Unlike the first movie, Leng Feng is his own man here, and by that we mean his own one-man army. The opening sequence sees him single-handedly foiling a couple of pirates attempting to rob a Chinese cargo vessel by leaping into the ocean, overturning their speedboat and knocking them out underwater. Later on, Leng Feng will also single-handedly protect his ‘god-son’ Tundu as well as a Chinese supermarket owner in the midst of a fierce street battle between the army and the rebels, even using a mattress coil to temporary stop an RPG and divert it somewhere else. Such inflated heroics are not only laughable, but also undermine the gravity of the situation we are supposed to believe Leng Feng is confronted with. Thankfully, Leng Feng finds companion by the time he arrives at the factory in the form of its head of security He Jianguo (Wu Gang), who happens to another former PLA soldier. Together with the factory owner’s overzealous son Fan (Han Zhang), Leng Feng and Jianguo form a guerrilla-like strike force to fend off a series of assaults by the rebel army and Dyon’s paid militia, the latter led by Big Daddy.
It isn’t hard to guess that Big Daddy is somehow linked to Xiao Yun’s kidnapping, culminating therefore in a mano-a-mano showdown between him and Leng Feng – similar to how the previous movie had led up to that between Wu Jing and English martial arts actor Scott Adkins. Compared to that however, Wu Jing’s supposed piece de resistance with Grillo pales in intensity and chutzpah; instead, it is an earlier MMA-style fight between Wu Jing and Aaron Toney’s unnamed baddie that is more impressive. That said, each one of the action sequences are undeniably well-coordinated by Sam Hargrave (on recommendation by ‘Captain America: Civil War’s’ Russo brothers, no less) and expertly directed by Jack Wong Wai-leung (who was also responsible for ‘Operation Mekong’) – the earlier-mentioned street war is brutal and riveting; a vehicular chase among two Jeeps, a motorcycle and a ATV mounted with machine gun through an African shantytown is rousing; the initial attack by the rebels on the factory using snipers and weaponised drones is inventive; and last but not least, the tank-on-tanks action in the elaborate finale is thrilling.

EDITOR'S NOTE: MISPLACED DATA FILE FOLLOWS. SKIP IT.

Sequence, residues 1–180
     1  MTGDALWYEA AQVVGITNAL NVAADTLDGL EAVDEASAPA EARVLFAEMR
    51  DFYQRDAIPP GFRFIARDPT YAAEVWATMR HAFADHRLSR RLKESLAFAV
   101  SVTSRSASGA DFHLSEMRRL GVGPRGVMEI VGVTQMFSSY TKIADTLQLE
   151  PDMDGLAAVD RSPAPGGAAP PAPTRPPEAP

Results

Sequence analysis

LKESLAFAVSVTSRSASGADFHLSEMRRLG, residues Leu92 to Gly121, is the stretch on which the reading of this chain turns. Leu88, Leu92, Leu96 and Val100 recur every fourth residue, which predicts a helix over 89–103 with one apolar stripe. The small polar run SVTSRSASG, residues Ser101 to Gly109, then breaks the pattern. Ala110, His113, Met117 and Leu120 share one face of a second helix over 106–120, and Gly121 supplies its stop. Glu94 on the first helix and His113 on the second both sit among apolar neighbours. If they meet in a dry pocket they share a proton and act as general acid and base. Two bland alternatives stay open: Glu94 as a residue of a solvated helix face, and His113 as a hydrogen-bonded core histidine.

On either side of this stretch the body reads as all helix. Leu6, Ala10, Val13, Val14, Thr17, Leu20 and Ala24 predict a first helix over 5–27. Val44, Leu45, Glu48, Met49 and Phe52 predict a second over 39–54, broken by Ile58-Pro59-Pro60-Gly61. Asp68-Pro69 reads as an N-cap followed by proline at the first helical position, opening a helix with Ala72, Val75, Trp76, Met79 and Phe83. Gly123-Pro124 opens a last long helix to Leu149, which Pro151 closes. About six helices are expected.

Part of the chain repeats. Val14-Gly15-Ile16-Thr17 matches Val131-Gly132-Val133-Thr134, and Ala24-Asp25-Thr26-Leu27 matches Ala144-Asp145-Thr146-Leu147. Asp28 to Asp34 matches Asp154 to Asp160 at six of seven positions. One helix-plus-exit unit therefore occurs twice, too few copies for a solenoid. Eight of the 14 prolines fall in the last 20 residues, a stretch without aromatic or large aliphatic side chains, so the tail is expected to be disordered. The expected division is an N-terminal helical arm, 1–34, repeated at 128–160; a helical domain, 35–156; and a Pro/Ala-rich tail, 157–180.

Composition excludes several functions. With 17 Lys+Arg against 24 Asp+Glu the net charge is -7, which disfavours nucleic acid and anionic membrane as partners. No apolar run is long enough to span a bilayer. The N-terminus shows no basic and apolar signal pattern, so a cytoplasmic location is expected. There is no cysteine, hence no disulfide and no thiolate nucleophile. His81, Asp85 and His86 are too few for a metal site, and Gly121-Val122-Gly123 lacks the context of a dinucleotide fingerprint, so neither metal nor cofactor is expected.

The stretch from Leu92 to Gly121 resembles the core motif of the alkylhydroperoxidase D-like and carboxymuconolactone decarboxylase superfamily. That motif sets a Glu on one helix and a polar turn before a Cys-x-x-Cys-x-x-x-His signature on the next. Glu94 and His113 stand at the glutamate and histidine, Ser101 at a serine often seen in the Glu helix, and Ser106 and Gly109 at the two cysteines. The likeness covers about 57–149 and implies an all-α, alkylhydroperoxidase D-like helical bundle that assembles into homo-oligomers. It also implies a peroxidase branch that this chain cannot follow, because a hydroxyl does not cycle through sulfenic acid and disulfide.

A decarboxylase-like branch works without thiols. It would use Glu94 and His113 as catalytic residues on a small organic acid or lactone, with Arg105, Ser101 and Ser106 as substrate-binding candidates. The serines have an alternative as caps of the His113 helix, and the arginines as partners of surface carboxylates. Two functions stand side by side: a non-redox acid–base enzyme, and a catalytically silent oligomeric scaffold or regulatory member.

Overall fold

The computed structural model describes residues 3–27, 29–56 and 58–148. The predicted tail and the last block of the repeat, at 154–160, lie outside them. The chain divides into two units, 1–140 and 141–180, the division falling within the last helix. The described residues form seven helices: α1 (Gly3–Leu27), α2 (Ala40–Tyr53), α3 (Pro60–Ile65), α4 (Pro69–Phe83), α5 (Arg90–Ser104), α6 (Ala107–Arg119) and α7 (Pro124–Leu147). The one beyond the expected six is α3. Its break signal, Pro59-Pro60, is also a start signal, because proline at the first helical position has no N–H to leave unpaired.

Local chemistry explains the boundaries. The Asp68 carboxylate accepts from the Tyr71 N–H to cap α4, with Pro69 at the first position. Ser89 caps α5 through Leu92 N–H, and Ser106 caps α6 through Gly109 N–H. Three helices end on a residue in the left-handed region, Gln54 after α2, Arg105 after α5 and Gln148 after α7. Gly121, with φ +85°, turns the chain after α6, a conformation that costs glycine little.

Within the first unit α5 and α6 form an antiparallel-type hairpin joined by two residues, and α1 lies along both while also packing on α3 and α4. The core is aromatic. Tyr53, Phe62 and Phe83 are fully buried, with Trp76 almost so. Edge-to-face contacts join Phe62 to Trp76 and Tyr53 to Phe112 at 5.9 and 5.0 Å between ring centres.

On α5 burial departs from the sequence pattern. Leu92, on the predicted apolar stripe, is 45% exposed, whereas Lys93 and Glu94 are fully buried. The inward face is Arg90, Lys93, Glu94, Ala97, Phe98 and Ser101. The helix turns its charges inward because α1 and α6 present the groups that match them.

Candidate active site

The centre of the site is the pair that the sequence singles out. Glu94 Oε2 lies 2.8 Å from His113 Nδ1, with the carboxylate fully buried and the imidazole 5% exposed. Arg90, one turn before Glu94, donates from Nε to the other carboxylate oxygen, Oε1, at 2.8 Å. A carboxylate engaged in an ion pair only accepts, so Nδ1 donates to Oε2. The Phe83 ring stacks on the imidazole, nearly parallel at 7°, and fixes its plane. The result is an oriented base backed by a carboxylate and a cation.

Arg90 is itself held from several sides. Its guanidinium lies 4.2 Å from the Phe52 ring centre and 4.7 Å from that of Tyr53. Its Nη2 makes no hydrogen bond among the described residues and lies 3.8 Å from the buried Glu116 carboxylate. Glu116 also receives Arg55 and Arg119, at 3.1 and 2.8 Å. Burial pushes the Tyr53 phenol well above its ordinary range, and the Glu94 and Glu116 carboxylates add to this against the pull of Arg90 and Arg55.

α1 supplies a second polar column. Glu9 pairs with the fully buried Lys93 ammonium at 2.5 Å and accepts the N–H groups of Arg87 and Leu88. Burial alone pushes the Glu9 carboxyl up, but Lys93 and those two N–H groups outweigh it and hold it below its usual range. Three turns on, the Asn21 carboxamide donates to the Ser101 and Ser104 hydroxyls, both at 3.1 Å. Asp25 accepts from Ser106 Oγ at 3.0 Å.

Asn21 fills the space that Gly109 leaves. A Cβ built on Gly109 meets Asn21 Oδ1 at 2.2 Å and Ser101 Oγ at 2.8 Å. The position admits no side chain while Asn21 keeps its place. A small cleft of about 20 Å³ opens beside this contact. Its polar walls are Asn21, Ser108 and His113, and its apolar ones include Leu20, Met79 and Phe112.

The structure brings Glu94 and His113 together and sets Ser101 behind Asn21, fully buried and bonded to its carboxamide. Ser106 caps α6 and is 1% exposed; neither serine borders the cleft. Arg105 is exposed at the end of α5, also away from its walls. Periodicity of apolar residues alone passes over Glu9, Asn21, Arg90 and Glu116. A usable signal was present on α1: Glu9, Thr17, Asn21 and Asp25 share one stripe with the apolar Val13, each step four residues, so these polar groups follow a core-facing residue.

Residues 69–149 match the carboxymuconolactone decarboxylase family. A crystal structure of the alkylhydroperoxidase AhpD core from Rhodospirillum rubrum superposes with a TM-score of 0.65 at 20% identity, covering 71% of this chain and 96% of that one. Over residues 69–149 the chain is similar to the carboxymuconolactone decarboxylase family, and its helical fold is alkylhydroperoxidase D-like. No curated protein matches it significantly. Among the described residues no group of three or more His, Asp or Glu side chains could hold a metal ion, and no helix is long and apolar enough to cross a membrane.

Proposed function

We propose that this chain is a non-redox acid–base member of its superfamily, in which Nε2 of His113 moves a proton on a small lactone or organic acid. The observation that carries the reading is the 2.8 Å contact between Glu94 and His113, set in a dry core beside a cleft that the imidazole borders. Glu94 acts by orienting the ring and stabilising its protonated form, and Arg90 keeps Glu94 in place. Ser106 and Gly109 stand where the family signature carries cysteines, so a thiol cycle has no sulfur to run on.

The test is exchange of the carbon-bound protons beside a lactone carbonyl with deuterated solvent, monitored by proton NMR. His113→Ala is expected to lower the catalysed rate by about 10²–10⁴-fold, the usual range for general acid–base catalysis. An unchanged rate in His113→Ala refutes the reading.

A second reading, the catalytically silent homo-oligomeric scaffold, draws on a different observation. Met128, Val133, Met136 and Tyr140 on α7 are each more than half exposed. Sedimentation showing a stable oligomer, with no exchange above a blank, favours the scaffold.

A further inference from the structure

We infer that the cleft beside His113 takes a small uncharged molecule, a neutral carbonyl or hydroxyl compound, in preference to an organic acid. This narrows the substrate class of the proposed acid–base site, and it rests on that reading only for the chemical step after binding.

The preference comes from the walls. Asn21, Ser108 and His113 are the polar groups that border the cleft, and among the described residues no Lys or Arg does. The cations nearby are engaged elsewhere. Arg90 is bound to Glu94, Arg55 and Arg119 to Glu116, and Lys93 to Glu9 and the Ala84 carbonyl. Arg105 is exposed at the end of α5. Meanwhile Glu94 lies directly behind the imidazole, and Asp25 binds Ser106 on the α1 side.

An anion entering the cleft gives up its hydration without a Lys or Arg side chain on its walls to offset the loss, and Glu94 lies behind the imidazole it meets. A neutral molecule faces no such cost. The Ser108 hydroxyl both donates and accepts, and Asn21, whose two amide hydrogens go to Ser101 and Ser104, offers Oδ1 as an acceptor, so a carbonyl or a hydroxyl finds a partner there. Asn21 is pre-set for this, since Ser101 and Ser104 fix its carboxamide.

Certainly, ‘Wolf Warrior 2’ isn’t the sort of movie you should be bothered about character development or award-calibre acting, but Wu Jing does make for a suitably upright and virtuous hero. There are no shades of complexity to his character Leng Feng, so it really doesn’t matter that Wu Jing plays it straight from start to finish. Just like its predecessor, this sequel is simply an opportunity to indulge in the sort of B-action fare that Hollywood used to excel at in the 80s and 90s, albeit with a strong – and some would say, suffocating – pro-China slant. One can imagine that a large number of ‘Wolf Warrior’ fans are in fact such fervent nationalists in the first place, and it is only logical that Wu Jing decides to play to the gallery here. Like we said at the start, if you can put up with ‘Wolf Warrior’, you probably won’t mind that this movie also wears its [China] flag around its chest (not just its sleeve) – and if you love ‘Wolf Warrior 2’, well you’ll be delighted to know the epilogue that shows Xiao Yun being held hostage but still alive portends the concluding chapter of a trilogy which will see Leng Feng embark undoubtedly on his most personal mission yet.
(As unabashedly jingoistic as its predecessor, Wu Jing's 'Wolf Warrior 2's' well-executed stunts and action showpieces make it slick B-action fare, albeit with a strong - even suffocating - pro-China slant)
Review by Gabriel Chong